British politicians keep mentioning Hitler and we're not sure why

Jess Staufenberg
Sunday 15 May 2016 12:30
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Picture: Matt Cardy/Getty Images

Just when you thought it was safe it turns out another British politician has felt the need to bring up Adolf Hitler.

In an interview with the Sunday Telegraph leading light of the Leave EU campaign Boris Johnson seems to have claimed that the EU’s attempts to give democratic representation to 28 countries has failed for the same reasons Hitler was not able to invade and murder his way to world domination.

Let's (attempt to) break down the logic of this, shall we.

Hitler was German. He wanted Germany to rule the world. The EU is trying to rule Europe, and then maybe (who knows?) the world. And Germany is doing very well in the EU. So the EU is, via Germany, Hitler.

We know it’s confusing but stick with us, regardless of the potentially deep offence caused to Germany, which, by the way, buys £43 billion of our exports a year, and who has taken about 900,000 more refugees from the Middle East, despite having less military involvement in that region than us.

The EU has allowed Germany to grow in power, says Johnson, and so “take over” the Italian economy and “destroy Greece”.

The Italians, who used to be a great motor-manufacturing power, have been absolutely destroyed by the Euro – as was intended by the Germans.

So Germany really wants Europe to fall apart.

Which is confusing, when you find that Boris also says the Germans, via the EU, are trying to get everyone to get on better.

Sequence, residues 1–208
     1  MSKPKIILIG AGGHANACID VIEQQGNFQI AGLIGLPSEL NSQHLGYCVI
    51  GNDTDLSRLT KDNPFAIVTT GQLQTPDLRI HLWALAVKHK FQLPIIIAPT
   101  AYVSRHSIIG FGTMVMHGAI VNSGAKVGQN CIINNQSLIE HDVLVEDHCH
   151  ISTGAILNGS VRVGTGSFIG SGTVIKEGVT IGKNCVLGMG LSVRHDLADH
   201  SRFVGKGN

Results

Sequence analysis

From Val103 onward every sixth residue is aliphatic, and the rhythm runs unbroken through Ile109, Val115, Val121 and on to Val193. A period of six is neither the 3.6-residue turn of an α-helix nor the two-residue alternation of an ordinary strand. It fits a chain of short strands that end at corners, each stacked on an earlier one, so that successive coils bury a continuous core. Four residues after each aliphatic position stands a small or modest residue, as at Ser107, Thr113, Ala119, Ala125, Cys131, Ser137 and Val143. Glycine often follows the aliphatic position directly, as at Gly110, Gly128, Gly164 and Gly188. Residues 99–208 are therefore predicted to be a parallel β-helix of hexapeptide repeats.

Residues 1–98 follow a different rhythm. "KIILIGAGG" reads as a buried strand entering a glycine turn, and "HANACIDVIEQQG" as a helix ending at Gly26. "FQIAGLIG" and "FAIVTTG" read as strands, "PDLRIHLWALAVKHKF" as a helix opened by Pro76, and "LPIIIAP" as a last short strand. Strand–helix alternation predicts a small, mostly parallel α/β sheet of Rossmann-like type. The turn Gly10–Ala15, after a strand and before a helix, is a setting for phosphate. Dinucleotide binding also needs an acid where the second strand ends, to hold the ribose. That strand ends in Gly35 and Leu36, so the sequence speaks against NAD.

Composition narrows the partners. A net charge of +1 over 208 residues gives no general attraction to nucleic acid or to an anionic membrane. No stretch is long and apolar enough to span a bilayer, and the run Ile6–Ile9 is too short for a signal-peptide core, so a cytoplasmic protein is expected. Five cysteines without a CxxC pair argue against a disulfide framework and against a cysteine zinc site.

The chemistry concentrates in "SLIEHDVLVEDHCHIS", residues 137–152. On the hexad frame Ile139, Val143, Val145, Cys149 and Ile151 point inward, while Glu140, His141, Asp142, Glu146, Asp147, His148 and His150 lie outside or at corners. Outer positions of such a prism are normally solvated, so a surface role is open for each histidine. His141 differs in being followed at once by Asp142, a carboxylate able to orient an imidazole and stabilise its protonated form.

And how's this for a bit of free advice: never further your argument by dropping the H-bomb.

Napoleon, Hitler, various people tried this out, and it ends tragically. The EU is an attempt to do this by different methods.

So the reason we’re not all united is because we keep trying to do it! Not, er, comments like these.

We might excuse Boris on the grounds of channelling what appears to be an uncontrollable Mayor-of-London tic which requires any who leaves the post to say ‘HITLER’ in conversations on you know, Zionism, or, um, the Euro.

Yet it seems he’s mentioned the Nazi leader with about as much frequency as he mentions that other go-to figure in history, Winston Churchill.

Perhaps the MP for Uxbridge and Ruislip, tipped as the next Tory leader, in fact sees himself in a kind of historical reenactment in which, WWII being absent, he can champion the British cause against the German one as Churchill once did.

Just during, um, a historical period of peace for Europe when everyone’s possibly more stressed about how to buy a house.

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